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can't really access the data linearly as state caching is more important than culling. Looking at that link you give me now though, thanks for sharing smile.png
This doesn't make sense to me -- the culling data is positions/bounds, which aren't render-states. Storing positions/bounds in a linear array should have no impact on your render state caching/sorting.

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[quote name='Xcrypt' timestamp='1337635513' post='4942013']
can't really access the data linearly as state caching is more important than culling. Looking at that link you give me now though, thanks for sharing smile.png
This doesn't make sense to me -- the culling data is positions/bounds, which aren't render-states. Storing positions/bounds in a linear array should have no impact on your render state caching/sorting.
[/quote]
Nvm that! It doesn't make much sense :) I confused it with something else.

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I've just recently come across this question myself so I thought I'll just add to this thread instead of creating a new one.

I'm actually more interested in the higher level design of managing a scene and incorporating multiple culling techniques rather then implementation details of said techniques. To be more specific here's a number of questions:

1) Is there such thing as a scene manager these days? If so, what is its purpose exactly? Does it manage a group of spatial views and automagically determine which one an object gets inserted into?
2) When and who determines what culling technique are applied to objects? (Eg. static vs. dynamic objects)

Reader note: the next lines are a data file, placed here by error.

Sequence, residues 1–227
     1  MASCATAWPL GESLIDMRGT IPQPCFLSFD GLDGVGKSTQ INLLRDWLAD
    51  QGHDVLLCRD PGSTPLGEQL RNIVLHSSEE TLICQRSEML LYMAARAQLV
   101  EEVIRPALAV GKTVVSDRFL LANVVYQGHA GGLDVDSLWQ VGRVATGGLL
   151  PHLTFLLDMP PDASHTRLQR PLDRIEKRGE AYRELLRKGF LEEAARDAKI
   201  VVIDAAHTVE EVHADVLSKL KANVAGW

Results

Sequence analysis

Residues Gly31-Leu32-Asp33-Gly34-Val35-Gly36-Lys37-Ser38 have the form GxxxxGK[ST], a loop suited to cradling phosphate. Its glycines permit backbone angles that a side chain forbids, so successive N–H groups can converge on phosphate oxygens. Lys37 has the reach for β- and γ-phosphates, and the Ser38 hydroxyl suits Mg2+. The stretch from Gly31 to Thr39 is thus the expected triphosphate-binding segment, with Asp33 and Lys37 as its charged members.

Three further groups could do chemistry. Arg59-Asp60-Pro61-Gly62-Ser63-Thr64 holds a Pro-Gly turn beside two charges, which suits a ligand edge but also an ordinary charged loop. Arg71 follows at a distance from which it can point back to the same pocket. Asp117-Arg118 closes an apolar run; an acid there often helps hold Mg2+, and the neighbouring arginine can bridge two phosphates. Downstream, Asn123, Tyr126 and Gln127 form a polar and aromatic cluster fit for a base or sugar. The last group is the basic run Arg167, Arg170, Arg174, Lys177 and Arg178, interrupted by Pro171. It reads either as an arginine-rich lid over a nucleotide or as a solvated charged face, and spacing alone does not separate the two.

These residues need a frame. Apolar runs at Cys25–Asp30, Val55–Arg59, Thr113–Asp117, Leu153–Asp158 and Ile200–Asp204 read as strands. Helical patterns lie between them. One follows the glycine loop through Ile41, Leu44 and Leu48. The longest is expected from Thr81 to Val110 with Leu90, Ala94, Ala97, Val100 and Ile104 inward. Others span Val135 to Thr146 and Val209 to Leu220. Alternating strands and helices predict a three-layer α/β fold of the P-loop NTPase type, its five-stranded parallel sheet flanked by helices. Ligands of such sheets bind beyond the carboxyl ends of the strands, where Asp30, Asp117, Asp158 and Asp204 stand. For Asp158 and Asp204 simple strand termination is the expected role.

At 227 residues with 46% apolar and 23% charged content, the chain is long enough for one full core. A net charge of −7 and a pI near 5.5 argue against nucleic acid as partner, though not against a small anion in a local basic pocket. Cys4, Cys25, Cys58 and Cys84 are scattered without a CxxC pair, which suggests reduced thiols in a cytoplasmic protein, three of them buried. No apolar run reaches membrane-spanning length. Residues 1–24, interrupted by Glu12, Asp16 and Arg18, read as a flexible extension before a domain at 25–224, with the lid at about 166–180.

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I'm not an expert on the matter, but from what I have read in recent articles, scene graphs are a no-go today. I would like some enlightenment on the topic too.

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I'm not an expert on the matter, but from what I have read in recent articles, scene graphs are a no-go today. I would like some enlightenment on the topic too.

Scenegraphs themselves can be useful, but having them heavily tied into other systems is a no-go. All the scenegraph should be responsible for is concatenation of transforms - and thats a distinct process that can be done in isolation before culling even begins.

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[quote name='Xcrypt' timestamp='1338340402' post='4944509']
I'm not an expert on the matter, but from what I have read in recent articles, scene graphs are a no-go today. I would like some enlightenment on the topic too.

Scenegraphs themselves can be useful, but having them heavily tied into other systems is a no-go. All the scenegraph should be responsible for is concatenation of transforms - and thats a distinct process that can be done in isolation before culling even begins.
[/quote]
Not to confuse the issue or nitpick, but what you are describing is a hierarchical tree and not a graph. A hierarchical tree generally has only one meaningful way to traverse, (that is from top-down) and can therefor only be optimized for a single purpose.

A scene graph in the traditional sense is a multipurpose database that can be traversed in many different ways to visit nodes in different optimal orders for different purposes. The thing about "scenegraph" is that it has turned into a blanket term that gets thrown around and misrepresented. If you're just storing a tree to do transforms to/from world space, then you don't have a scene graph so don't even call it that.

They are not an obsolete concept and they did not die out with the fixed function pipeline, as I think is a commonly held belief. They are just as applicable today as they ever were, they just didn't turn out to be all that useful in practice and are really more trouble than they are worth.

On the other hand, if you were to embed an existing graph database and actually squeeze some good real-time performance out of it, you'd have a potentially very powerful tool at your disposal. I just don't see the need, it's overkill in most cases.